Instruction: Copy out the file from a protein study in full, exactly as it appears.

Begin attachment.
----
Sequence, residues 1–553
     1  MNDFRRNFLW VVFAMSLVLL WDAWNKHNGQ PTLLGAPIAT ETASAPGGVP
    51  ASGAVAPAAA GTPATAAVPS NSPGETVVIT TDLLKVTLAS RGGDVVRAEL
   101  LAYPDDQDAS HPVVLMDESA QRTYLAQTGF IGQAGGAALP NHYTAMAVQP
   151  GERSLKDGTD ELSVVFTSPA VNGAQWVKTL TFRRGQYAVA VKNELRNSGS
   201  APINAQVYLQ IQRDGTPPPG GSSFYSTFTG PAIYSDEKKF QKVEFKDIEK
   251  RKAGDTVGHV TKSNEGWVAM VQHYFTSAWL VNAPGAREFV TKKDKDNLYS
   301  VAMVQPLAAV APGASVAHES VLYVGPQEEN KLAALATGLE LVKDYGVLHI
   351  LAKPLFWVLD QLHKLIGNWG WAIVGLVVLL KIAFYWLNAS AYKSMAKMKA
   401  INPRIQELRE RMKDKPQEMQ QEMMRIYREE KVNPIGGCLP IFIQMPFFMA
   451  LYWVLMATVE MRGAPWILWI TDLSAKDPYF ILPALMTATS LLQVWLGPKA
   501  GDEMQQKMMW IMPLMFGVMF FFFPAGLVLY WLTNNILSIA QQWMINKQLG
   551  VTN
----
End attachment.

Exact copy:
Sequence, residues 1–553
     1  MNDFRRNFLW VVFAMSLVLL WDAWNKHNGQ PTLLGAPIAT ETASAPGGVP
    51  ASGAVAPAAA GTPATAAVPS NSPGETVVIT TDLLKVTLAS RGGDVVRAEL
   101  LAYPDDQDAS HPVVLMDESA QRTYLAQTGF IGQAGGAALP NHYTAMAVQP
   151  GERSLKDGTD ELSVVFTSPA VNGAQWVKTL TFRRGQYAVA VKNELRNSGS
   201  APINAQVYLQ IQRDGTPPPG GSSFYSTFTG PAIYSDEKKF QKVEFKDIEK
   251  RKAGDTVGHV TKSNEGWVAM VQHYFTSAWL VNAPGAREFV TKKDKDNLYS
   301  VAMVQPLAAV APGASVAHES VLYVGPQEEN KLAALATGLE LVKDYGVLHI
   351  LAKPLFWVLD QLHKLIGNWG WAIVGLVVLL KIAFYWLNAS AYKSMAKMKA
   401  INPRIQELRE RMKDKPQEMQ QEMMRIYREE KVNPIGGCLP IFIQMPFFMA
   451  LYWVLMATVE MRGAPWILWI TDLSAKDPYF ILPALMTATS LLQVWLGPKA
   501  GDEMQQKMMW IMPLMFGVMF FFFPAGLVLY WLTNNILSIA QQWMINKQLG
   551  VTN